"Our governor does not understand economics clearly; raising selected taxes and fees is a Band-Aid approach that will not work long term."
Until the Oregon politicians address the unrealistic PERS payout formula and cut all state expenditures by 5%, Oregon is going to be in bad financial shape [GAME’S UP, November]. The state of Oregon has more government than the population can afford. I fear in 2009 when PERS runs short, as it did previously, the state will quietly bolster it with general obligation bonds.
I’m not sure that can be accomplished again, nor should it be. Oregon residents are no doubt unaware of that ploy to artificially keep PERS afloat. Bonding is becoming iffy for states, cites and counties and that well may be drying up. Our governor does not understand economics clearly; raising selected taxes and fees is a Band-Aid approach that will not work long term. A sales tax coupled with a drop in income taxes would be my first choice along with the 5% cut across the board in state expenditures.
As for gambling, what next? Legal drugs and brothels?
Support for undies
For years men have wanted us women to wear nice undergarments and we got stuck with them in white jockeys! [THE BOXER REBELLION, December] After spending the summer in Italy, I was amazed by the interest and selection of fine men’s boxers. It’s about time!
Banking on it
I read with interest your December article titled “Banks get cash infusion.” You quote a specific Oregon bank CFO who stated that “behind the scenes, almost every bank in the Northwest is applying for it,” meaning government taxpayer money. In an effort to be “fair and balanced,” our bank did not apply for taxpayer money.
We weighed the merits of the program versus its ultimate cost to the bank and it became clear that the program simply did not represent an advantage for us, especially given our continued financial strength and the fact that we remain quite liquid and well capitalized.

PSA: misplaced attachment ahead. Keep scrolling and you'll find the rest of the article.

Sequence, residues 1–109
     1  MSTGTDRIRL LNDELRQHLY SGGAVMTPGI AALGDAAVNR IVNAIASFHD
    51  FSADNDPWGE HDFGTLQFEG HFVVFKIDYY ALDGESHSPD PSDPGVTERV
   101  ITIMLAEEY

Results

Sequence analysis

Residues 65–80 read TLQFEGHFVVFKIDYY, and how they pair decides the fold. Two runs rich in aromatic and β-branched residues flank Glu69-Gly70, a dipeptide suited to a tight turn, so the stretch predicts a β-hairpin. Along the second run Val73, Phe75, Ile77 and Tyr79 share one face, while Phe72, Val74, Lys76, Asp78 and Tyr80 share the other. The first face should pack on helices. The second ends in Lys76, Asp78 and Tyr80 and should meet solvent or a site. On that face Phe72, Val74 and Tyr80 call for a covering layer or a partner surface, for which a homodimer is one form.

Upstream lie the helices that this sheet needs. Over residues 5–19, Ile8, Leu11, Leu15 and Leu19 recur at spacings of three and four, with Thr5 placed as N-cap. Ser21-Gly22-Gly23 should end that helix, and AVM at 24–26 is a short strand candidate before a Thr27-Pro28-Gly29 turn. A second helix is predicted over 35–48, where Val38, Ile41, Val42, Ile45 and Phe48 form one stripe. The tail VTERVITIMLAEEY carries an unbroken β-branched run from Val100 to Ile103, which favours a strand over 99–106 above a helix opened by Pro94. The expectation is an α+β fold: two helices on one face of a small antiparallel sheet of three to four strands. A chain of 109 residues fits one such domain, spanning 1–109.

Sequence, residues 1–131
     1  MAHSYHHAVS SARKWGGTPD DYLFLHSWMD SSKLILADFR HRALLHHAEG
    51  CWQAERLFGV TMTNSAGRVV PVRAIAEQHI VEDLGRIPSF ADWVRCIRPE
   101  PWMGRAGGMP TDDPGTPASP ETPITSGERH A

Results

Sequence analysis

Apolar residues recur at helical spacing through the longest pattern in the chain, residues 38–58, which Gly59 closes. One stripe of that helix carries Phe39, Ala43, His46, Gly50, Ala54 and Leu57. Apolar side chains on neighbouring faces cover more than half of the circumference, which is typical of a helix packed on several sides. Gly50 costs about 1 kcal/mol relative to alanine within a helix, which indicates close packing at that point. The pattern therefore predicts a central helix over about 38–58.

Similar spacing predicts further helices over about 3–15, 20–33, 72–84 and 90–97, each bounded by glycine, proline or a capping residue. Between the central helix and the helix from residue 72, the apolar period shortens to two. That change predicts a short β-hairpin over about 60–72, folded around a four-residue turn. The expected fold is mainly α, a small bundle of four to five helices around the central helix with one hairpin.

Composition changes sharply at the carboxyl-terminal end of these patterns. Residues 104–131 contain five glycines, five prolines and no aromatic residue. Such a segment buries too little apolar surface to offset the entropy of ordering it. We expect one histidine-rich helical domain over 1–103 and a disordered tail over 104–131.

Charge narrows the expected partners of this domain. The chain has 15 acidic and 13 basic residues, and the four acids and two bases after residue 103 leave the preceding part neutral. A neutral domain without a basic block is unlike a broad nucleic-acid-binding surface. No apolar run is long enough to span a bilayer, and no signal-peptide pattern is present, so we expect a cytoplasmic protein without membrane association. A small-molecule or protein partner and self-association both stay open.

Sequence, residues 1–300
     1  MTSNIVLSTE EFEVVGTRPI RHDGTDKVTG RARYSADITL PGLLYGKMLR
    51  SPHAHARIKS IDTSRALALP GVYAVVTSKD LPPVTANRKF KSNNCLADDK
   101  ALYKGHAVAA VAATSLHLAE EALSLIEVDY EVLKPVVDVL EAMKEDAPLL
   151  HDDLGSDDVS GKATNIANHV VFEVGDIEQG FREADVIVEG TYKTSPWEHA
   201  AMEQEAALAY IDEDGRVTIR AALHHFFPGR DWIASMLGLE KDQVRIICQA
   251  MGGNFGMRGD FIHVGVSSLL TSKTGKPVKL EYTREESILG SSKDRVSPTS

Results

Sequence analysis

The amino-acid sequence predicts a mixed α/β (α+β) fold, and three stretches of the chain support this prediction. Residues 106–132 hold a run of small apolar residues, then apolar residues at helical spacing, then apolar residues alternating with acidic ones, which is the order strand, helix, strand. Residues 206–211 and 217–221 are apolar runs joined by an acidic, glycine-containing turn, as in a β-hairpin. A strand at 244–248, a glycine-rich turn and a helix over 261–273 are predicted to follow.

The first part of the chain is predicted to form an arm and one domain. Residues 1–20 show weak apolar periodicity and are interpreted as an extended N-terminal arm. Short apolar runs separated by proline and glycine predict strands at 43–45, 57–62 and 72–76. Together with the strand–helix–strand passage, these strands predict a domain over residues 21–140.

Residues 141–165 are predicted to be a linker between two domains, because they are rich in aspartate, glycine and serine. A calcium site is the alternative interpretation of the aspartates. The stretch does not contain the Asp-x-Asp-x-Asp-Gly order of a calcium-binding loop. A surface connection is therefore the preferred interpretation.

Like any government program, there are more questions than answers and it’s difficult to imagine having the government as a shareholder. Certainly, being subjected to additional unknown government requirements/restrictions is not in the best interest of our shareholders. Free markets are always better equipped to reward responsible performance.
President & CEO
Willamette Community Bank
I’ve been a registered Republican since 1972. I’m a small-business owner and consider myself a Constitutional conservative and I admired people like Tom McCall, Dave Frohnmayer, Wendell Wyatt and Mark Hatfield. There has been little for me in the GOP since the Reagan years. The party is no longer “conservative” in the true sense of the word. It works against rather than for individual liberties. Its only problem with big government on the national level seems to be who runs it and how to loot the Treasury.
Oregon Republicans used to have a “social compact” to balance rural and urban interests, to keep government out of the private lives of citizens, and to use the resources of the state both to promote the economy and make sure that no one “fell through the cracks.” We got what we paid for and we tried to live within our means. That meant good roads, good schools, good parks and good policing. We did not take much from Washington, D.C., and didn’t want to give them much either. We had people like Vic Atyieh, Norma Paulus and Clay Meyers.
None of those thoughtful people would get any place as Republicans today. Anyone who pushed state ownership of the beaches, comprehensive land-use planning and minority rights would not make it as a Republican now.
The fact is, that there can’t be much of an economy without government to build roads, bridges, schools, ports, sewers, waterworks and other things. We need the government to provide police, courts and proper regulation. What it costs is what it costs.
If you want to “get it right” for business, the Ds aren’t friendly or savvy and the current bunch of Rs aren’t either. We need something new that puts all of Oregon together.
Yazbeck, Cloran & Hanson, Portland
WRITE: 610 SW Broadway, Suite 200 Portland, OR 97205